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  11. I think Peggy Fong Chen, the real estate broker, said it best in the article: "They saved us from the recession". When money means more than quality of life and when money dictates that older more modest homes be torn down and replaced with hideous monstrosities, then we're in trouble. Her statement says it all. If its all about the money, tear down Mary's Market, tear down Lizzy's Tavern and tear down everything else. 150 homes torn down in one year. Umbelievable, sad and tragic for those who grew up in Arcaida. If that same mindset comes to Sierra Madre, then forget about it. Sierra Madre will be ruined too. Its just a matter of time. I'm moving to Tennesse with the Koerbers. And I won't look back. I want to remember Sierra Madre the way it was.

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  12. I must give the Tattler credit for putting together phrases that are so apt. I'm referring to the Tattler description of Arcadia as "....an immensely profitable dumping ground for architectural atrocity". Nobody can turn a phrase better than the Tattler. How does the Tattler come up with this stuff?

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    1. I agree, no one can write it like John can! He is a master of words, wit, and HUMOR.

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    2. That's what makes the Tattler such a joy to read. There's nothing like it out there. Thank goodness, the Tattler is still shining its spotlight on Sierra Madre.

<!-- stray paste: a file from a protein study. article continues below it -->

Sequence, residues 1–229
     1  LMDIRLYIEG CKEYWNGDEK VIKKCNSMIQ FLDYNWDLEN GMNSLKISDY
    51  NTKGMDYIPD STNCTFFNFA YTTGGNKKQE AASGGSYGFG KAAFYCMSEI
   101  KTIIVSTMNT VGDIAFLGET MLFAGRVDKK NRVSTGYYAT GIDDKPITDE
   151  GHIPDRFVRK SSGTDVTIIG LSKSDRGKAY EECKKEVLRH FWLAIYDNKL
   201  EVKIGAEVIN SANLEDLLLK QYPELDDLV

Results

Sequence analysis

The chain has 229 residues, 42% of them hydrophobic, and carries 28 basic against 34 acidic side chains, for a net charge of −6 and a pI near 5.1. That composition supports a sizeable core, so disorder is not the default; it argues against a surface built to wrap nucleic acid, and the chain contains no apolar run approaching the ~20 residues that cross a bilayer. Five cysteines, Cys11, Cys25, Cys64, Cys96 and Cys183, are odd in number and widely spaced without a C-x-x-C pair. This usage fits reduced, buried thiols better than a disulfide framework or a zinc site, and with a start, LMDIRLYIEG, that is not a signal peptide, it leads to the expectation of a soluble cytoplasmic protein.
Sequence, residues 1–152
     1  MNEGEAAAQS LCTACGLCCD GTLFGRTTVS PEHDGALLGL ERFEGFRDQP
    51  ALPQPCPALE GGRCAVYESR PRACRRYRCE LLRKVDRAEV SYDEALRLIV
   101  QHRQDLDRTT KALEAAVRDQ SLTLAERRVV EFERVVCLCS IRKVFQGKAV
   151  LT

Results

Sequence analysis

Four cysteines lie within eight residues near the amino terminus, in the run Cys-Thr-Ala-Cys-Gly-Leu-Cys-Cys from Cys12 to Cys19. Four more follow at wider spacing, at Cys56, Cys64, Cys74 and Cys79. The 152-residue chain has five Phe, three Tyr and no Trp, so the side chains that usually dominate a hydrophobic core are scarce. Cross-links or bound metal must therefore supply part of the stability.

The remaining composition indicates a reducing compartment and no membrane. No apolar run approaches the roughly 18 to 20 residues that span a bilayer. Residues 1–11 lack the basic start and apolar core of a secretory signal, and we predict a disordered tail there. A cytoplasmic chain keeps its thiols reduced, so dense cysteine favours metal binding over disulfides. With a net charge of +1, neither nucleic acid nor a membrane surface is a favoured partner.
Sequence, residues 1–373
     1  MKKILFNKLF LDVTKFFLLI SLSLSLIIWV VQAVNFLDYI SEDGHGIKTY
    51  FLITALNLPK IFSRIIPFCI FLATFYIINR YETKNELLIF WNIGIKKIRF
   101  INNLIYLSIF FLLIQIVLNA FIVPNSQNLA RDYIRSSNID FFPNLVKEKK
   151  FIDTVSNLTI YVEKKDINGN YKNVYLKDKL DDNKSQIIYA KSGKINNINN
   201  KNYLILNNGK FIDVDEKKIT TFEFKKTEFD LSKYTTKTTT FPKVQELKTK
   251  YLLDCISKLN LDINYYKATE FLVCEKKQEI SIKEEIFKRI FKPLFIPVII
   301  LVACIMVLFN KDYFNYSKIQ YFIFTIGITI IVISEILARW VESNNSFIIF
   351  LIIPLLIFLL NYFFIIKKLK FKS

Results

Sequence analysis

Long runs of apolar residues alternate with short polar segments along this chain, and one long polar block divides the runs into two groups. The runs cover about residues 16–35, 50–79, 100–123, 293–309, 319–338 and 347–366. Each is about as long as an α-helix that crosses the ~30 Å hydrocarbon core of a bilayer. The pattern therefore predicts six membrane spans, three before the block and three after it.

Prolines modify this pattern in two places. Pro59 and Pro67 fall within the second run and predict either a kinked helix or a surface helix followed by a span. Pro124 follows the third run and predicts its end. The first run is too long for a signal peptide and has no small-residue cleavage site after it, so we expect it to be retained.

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    3. "The Tattler"....So entertaining, yet so ineffective.

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    4. How's that Measure UUT working out for you? Get your raise yet? Councilmember Green getting settled into his seat pretty good? Hmm?

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  13. Dream on.....the fix is in.

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    1. You never know. This could be the catalyst that causes the citizens to throw their unfaithful government out. Democracy is still alive in America.

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    2. "Insanity: Doing the same thing over and over again and expecting different results." - Albert Einstein

      I don't think it takes an Einstein to figure out that we have been doing things the same way for a decade and we always lose. The only way we will perserve Sierra Madre is if we change City Hall.

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  14. You can't stop progress so grin and bear it. Its inevitable.